Get 'em while they are open.
Toss in the million dollars per hole-in-one and that is another $12 million enchiladas.
"You know, you would have to have an armed guard out there," realized Justice as he ruminated the possibilities of giving away almost $20 million in "fore" days.
"I hope that will generate some real live excitement. There will be a lot of cheering going on for the pros and everything, and I hope they make a beau coup of hole-in-ones, and I hope we have a lot of fun with it."
And I thought free beers for birdies on the 18th hole on the Nationwide Tour was a big and popular deal?
"What I really hope they take away from the whole thing is just the little touch of happiness, and a little touch of joy. Not necessarily that I got Davis Love's autograph or that I saw Jim Furyk make a long putt.I want them to get a little bit of the magic of the Greenbrier and West Virginia."
DL3 —make an ace on 18.
Fluff —make sure you club Furyk right.
How realistic is making a hole in one on the 18th at the Old White Course at The Greenbrier?
The home hole is 162 yards short and these are the best players in the world, each with four swings at making a lot of folks happy.
Heck I am so excited that I would like to get up there, and give it a swing for the hometown folks.
The green has an oddity about it in that it has a two foot ridge in the shape of a horseshoe smack dab in the middle of it.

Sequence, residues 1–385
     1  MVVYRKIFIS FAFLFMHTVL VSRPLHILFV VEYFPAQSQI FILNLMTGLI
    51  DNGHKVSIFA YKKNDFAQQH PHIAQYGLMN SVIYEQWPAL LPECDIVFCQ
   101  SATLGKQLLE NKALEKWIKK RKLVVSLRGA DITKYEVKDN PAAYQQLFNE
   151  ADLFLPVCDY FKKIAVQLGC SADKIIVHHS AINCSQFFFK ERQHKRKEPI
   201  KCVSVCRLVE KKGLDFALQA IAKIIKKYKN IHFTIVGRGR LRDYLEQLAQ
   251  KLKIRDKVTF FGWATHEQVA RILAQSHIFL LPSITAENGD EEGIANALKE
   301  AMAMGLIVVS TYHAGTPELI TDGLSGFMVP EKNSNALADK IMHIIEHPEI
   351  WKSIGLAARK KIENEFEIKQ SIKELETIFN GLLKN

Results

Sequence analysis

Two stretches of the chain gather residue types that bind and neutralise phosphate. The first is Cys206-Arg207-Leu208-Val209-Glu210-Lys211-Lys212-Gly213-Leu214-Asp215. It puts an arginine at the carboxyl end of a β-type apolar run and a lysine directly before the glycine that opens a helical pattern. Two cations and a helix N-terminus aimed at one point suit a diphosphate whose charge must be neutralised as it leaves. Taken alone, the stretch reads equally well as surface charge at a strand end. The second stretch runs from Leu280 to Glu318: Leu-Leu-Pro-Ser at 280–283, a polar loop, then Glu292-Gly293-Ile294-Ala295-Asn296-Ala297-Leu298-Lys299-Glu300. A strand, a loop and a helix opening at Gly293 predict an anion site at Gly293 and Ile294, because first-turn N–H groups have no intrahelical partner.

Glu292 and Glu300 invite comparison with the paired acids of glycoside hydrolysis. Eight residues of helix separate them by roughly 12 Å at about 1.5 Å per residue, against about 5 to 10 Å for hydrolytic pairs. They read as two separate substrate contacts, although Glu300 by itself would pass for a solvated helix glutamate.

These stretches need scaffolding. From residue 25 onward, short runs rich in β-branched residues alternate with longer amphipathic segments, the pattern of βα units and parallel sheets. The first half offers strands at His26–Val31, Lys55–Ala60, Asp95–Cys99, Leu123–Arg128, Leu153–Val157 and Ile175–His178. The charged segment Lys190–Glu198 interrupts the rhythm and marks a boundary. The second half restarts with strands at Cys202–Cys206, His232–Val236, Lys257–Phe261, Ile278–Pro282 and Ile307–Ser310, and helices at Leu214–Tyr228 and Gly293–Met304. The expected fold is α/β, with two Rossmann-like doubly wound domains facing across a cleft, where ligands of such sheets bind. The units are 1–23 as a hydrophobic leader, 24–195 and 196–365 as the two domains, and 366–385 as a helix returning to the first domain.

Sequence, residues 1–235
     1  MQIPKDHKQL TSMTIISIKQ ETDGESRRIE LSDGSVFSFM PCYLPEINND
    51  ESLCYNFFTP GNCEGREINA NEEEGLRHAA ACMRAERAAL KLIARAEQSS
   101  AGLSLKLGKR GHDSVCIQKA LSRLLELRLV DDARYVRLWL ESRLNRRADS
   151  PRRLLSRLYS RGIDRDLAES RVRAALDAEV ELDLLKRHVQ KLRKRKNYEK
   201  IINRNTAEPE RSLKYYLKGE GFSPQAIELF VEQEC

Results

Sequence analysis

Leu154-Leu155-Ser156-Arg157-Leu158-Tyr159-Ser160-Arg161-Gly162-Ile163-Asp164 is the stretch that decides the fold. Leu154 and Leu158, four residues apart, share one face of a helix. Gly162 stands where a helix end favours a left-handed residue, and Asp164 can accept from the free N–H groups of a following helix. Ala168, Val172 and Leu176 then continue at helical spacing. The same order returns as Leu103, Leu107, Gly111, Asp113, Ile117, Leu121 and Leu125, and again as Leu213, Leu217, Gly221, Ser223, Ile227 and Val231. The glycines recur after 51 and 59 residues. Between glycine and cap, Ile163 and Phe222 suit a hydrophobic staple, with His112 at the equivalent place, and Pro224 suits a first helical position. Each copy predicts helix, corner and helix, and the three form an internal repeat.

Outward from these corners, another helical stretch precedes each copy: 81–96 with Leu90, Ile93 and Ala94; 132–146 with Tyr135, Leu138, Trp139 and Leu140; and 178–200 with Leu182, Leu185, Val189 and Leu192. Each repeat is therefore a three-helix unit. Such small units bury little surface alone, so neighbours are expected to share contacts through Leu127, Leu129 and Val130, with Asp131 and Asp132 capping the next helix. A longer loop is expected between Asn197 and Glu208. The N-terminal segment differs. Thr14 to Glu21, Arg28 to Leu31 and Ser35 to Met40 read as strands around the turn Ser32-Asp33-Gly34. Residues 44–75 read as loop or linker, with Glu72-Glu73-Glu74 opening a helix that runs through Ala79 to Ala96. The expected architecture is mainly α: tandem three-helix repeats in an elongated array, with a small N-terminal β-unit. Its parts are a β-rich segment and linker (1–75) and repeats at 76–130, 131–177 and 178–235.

There will likely be three difficult hole placements in the back, and only one in the front where the horseshoe ridge may act as a backboard.
Most aces in one PGA TOUR tournament to date?
Likely eight at last year's RBC Canadian Open where in Round 2 Briny Baird, Arjun Atwal, Casey Whittenberg and Leif Olson all aced the same hole, the 15th.
Baird, and Atwal are here this week as well as this year's Canadian Open champion Carl Pettersson.
Just a little bit of magic for Justice's Juiced up Jurists.
Justice grew up nearby with the PGA TOUR's iconic Rules Official "Slugger" White.
White helped make a PGA TOUR event at Justice's Greenbrier resort a reality in less than one year.
White also joked that he would "get a big funnel out there" with "an eight-inch cup."
Now let's not put the wealthy guy out of business the first year.
In the early 1950s George S. May was the preeminent promoter in the golf business if that is what one would call it back then.
It was his idea, and his broadcast that put the game of golf on television for the first time in 1953 in Chicago.
That was before Palmer even cashed his first professional paycheck.
Incidentally he did so right here at The Greenbrier in the 1955 Sam Snead Festival.
Talk about being a pioneer!
Jim Justice could be the modern day George S. May.
Let's see if there is any Justice for the golf fans at The Greenbrier Classic this week.
On this the 30th anniversary of Caddyshack…
Good living and good golfing my friends!
Andy Reistetter is a freelance golf writer. He follows the PGA TOUR volunteering and working part time for CBS Sports, NBC Sports, and The Golf Channel.
He resides in Jacksonville Beach, Florida near the PGA TOUR headquarters and home of The PLAYERS Championship at TPC Sawgrass in Ponte Vedra Beach.